A psychological study on partisanship that shows how loyalty to the group trumps the value of ideas has interesting implications for those aiming to persuade an electorate or a bloc.
Appeals to the group membership work because undecideds, moderates, or nonaligned independents may be masking their partisanship:
Brian Nosek is a psychologist at the University of Virginia. Along with graduate student Carlee Beth Hawkins, Nosek studies why people don’t always do what they say they want to do — why there is a gap in many aspects of human behavior between what people intend to do and what they actually do.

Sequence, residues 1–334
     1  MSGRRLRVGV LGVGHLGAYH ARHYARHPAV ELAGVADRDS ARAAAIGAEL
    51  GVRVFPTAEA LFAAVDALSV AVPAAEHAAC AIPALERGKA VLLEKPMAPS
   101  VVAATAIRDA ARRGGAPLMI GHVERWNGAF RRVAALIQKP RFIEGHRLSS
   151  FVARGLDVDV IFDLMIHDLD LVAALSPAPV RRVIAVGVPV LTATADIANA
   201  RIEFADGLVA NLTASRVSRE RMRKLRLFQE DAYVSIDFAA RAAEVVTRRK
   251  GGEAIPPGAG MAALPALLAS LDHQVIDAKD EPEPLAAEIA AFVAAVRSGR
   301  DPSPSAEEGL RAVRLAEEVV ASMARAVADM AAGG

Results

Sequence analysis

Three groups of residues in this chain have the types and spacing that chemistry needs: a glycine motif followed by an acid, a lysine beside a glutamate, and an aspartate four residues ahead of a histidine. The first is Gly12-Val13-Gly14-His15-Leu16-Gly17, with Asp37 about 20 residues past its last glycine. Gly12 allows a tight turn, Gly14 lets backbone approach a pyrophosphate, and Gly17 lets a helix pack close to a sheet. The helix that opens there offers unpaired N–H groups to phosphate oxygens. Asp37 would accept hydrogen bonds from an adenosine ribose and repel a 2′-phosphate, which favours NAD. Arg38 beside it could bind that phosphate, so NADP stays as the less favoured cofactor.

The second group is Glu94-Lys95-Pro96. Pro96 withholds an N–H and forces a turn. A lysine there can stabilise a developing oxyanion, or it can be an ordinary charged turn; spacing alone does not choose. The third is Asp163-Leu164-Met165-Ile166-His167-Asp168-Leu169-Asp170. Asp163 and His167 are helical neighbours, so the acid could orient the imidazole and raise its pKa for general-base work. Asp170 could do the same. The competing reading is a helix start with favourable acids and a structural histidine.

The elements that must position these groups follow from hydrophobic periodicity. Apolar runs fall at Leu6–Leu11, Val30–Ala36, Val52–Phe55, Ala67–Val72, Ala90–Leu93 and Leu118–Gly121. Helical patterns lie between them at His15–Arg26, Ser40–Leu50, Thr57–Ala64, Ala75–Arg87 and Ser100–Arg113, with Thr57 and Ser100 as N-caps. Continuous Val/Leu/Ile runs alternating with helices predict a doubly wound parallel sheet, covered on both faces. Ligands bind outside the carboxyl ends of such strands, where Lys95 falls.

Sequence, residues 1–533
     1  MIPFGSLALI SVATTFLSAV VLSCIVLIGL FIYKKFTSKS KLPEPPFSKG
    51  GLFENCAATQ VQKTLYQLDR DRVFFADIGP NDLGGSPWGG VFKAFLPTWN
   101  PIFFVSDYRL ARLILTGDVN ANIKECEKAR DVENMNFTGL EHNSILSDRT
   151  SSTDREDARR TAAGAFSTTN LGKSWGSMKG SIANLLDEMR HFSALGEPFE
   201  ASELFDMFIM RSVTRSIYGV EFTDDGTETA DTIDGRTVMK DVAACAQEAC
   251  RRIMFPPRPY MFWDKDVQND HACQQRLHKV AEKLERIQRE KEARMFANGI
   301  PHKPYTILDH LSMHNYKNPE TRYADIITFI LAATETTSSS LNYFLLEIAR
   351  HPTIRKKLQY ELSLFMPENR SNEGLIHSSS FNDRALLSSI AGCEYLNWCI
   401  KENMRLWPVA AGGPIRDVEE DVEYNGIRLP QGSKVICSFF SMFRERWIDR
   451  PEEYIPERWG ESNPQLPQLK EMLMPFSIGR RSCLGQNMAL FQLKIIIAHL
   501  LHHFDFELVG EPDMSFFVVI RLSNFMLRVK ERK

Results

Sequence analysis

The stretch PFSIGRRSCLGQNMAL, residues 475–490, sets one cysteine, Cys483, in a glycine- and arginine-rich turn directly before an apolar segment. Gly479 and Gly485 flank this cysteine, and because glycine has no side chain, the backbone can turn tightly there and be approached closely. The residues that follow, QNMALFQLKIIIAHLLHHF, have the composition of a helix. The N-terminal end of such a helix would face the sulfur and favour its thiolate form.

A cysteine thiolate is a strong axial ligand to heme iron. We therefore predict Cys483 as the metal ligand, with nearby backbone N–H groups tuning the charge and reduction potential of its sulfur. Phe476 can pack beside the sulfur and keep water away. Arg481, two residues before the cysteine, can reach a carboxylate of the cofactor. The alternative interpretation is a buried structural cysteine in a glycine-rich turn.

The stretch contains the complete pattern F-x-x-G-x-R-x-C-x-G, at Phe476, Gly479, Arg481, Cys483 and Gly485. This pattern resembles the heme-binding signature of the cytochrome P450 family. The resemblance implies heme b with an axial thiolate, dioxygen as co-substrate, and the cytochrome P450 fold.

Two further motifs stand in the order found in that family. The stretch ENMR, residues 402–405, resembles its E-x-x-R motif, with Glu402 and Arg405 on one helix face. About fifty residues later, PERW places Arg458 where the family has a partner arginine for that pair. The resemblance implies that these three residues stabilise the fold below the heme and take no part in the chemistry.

Nosek and Hawkins believed this disconnect explains why many independents arent independent when it comes to voting.
The psychologists used a test that purports to measure peoples inner attitudes, including ones they dont know they have.”
The test is called the Implicit Association Test,” Nosek said. “And its been used for a variety of different topics — trying to measure peoples racial attitudes, their anxieties about spiders, their self-esteem. In our case, we tried to measure how strongly people associate themselves with Democrats or Republicans.”
The idea behind the test is simple. If you are a Republican deep down, youll quickly categorize things that are Republican with things about yourself, because you identify with the Republican Party. Youll be slower to group things connected to the Democratic Party with things about yourself. You can try the test for yourself here.